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How much to rent a mob these days?

Newsmaker 1

Metsing Lekhanya 

Compliments of the season, dear reader.

We hope you enjoyed the holidays as much as we did ours.

One person who could not have enjoyed his holiday though is honourable Metsing Lekhanya.

Exactly a week before Christmas, members of the Basutoland National Party (BNP) gave the old man the proverbial sack by means of a vote of no-confidence.

Lekhanya tried to resist but quickly realised that the odds were stacked up against him.

He then gracefully accepted the result of the vote.

For that action alone we hand him with the Newsmaker of the Week Award.

But his departure was not at all as smooth as it sounds.

Before bowing out, Lekhanya could not resist firing a broadside at his erstwhile deputy, Thesele ‘Maseribane, saying he was not fit to govern.

This left  us with the question: If that is the case, then why did Lekhanya let ‘Maseribane be his deputy for so long? Was he being like Robert Mugabe, who is said to always want a daft, unambitious individual as his deputy?

The old man also alleges that the vote was delivered by means of a rented mob. He says some of the people who voted at the conference were actually All Basotho Convention members.

If voters are so easy to hire, then we at Newsmakers & Noisemakers demand to know how much it is to rent such a mob. Our strategy come 2012 will be simple. We will take a mere shell of a party, such as the National Independent Party, and rent this mob to vote us into parliament.

And speaking of money, Lekhanya is now demanding mountains of it from the BNP. He claims he loaned the party millions when it was broke. Now that the BNP’s revenue-earning property is back in party hands, he says, certain vultures engineered his departure.

Could it be possible that he now plans to use some of that money to rent his own mob?  He could take his own rent-a-crowd to the next BNP conference and turn the tables on ‘Maseribane and others.

Only time will tell for sure. We live in interesting times.

 

Newsmaker 2

Libe Moremoholo

Hate him or love him, Libe Moremoholo was one of the politicians who mattered in 2010.

He lobbied against the Land Bill, albeit unsuccessfully, and aired his misgivings about the passport crisis which hit the country earlier in the year.

He was the epitome of an active, influential politician.

But as the year wound down, it seems the young man began to get bogged down by one trouble after the other.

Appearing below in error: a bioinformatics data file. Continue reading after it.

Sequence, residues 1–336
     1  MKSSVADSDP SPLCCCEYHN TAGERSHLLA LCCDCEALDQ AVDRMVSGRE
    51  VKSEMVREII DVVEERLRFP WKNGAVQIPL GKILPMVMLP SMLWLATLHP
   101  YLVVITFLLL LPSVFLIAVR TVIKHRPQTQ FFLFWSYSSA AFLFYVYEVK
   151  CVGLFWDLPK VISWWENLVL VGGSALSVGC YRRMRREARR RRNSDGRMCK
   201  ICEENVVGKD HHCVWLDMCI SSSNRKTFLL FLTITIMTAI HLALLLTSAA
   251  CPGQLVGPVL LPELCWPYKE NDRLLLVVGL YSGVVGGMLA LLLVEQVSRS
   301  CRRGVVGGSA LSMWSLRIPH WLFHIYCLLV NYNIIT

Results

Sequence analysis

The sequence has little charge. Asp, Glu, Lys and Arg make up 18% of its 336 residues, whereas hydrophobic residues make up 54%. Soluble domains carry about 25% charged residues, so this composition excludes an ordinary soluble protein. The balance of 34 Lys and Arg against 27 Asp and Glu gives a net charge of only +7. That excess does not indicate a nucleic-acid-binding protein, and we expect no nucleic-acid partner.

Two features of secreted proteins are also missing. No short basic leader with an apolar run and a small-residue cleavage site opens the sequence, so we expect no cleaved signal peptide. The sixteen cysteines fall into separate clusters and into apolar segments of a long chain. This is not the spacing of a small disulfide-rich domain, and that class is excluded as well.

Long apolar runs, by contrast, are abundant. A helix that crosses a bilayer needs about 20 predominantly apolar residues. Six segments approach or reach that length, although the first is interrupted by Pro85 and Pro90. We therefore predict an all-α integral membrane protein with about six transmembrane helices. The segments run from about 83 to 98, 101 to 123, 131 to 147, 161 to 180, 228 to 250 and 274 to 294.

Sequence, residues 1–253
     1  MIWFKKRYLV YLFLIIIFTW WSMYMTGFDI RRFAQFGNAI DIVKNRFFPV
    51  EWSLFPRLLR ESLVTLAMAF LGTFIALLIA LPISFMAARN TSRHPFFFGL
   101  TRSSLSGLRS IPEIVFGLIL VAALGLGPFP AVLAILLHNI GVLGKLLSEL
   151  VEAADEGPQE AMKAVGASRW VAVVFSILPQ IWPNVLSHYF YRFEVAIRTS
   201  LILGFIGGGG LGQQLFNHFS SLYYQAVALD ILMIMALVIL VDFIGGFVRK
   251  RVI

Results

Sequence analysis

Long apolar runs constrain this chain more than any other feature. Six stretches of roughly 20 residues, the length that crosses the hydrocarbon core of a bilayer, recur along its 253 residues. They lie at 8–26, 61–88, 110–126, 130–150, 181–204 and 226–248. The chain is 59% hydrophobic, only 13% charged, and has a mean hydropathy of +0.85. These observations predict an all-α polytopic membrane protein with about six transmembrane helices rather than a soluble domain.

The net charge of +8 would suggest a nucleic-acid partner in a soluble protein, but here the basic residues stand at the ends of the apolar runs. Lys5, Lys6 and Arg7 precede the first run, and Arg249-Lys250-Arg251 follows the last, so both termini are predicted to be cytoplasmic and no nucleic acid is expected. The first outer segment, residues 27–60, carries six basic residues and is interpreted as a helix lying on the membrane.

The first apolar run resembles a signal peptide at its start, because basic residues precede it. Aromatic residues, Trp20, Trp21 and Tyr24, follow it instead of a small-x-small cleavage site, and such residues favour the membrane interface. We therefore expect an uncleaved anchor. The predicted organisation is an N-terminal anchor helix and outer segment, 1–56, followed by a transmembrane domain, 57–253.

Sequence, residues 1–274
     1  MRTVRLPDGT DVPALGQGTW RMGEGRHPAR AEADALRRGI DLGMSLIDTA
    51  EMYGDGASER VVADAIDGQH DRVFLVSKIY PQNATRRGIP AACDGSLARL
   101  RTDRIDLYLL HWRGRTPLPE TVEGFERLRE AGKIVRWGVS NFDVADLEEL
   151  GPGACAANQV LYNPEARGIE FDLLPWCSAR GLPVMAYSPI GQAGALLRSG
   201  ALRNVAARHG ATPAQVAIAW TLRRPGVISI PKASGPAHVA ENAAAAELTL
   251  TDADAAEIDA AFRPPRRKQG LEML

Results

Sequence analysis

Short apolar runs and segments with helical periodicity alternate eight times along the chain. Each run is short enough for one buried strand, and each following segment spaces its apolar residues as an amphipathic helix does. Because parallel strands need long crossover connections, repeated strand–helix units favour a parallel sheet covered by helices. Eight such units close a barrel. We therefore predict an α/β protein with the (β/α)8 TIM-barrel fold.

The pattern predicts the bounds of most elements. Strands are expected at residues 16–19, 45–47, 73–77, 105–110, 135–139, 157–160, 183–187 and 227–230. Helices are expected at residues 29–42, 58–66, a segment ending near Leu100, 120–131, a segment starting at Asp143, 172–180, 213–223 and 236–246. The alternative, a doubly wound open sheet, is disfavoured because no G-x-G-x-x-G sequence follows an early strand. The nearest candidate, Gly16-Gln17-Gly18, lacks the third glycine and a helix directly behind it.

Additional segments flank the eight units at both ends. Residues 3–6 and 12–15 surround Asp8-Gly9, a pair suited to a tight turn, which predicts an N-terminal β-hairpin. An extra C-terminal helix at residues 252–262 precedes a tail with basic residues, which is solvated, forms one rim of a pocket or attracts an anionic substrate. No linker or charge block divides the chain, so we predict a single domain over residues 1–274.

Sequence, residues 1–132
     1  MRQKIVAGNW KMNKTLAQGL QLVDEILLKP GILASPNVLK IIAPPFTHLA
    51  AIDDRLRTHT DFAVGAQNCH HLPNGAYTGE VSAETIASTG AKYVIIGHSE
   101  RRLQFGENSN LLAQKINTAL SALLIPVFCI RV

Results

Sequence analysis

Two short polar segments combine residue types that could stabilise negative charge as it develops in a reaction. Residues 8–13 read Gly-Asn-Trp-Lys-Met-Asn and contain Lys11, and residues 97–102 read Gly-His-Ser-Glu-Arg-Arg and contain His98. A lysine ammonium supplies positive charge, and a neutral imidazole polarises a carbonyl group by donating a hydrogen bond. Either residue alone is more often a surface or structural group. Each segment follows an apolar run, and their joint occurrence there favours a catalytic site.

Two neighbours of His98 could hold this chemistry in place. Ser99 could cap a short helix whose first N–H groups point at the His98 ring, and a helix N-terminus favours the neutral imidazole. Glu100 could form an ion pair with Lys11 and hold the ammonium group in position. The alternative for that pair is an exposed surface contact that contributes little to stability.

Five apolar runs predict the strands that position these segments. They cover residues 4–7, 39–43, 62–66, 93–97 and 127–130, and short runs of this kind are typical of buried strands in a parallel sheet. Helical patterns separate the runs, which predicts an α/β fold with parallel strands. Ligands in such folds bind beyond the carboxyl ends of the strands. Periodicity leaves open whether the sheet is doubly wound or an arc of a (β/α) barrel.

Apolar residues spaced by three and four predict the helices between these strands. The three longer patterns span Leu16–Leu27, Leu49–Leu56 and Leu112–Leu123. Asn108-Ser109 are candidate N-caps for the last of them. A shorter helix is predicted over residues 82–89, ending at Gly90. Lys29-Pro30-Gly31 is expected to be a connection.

This week’s Sunday Express carries the stories of how some shadowy mafia-types are apparently out to kidnap him.

Recently, was reported that he had been found guilty of misappropriating parliament funds to the tune of M300.

This was a very embarrassing incident, not only because of the miniscule sum involved, but because the MP happens to be in opposition.

The opposition should be the one calling out the corruption of the incumbent government and not the other way round.

Anyway, enough said. We all know that this is not the kind of corruption that is eating away at the country’s granary.

It is his second brush with parliamentary rules which must have left Moremoholo licking his wounds.

A week or two ago, the parliamentary portfolio committee on ethics and privileges found the vocal ABC youth leader guilty of revealing contents of a committee report before it was tabled before parliament.

He was banned from talking to the media. This must be very hard on him because he certainly loves the limelight. 

Journalists in turn love the young MP because they can approach him seeking comment on any issue. He adds to the vibrancy and diversity of political voices in the media.

He has also been banned from addressing parliament on any issue for a whole year. Again we think this is unfortunate and will take away from the vibrancy of debate in the august House.

Honestly speaking, we should like to see more MPs becoming vocal like Moremoholo.

Give us Moremoholo and his occasional mistakes any day rather than the perennial benchwarmers who fill  out the rest of the parliamentary seats.

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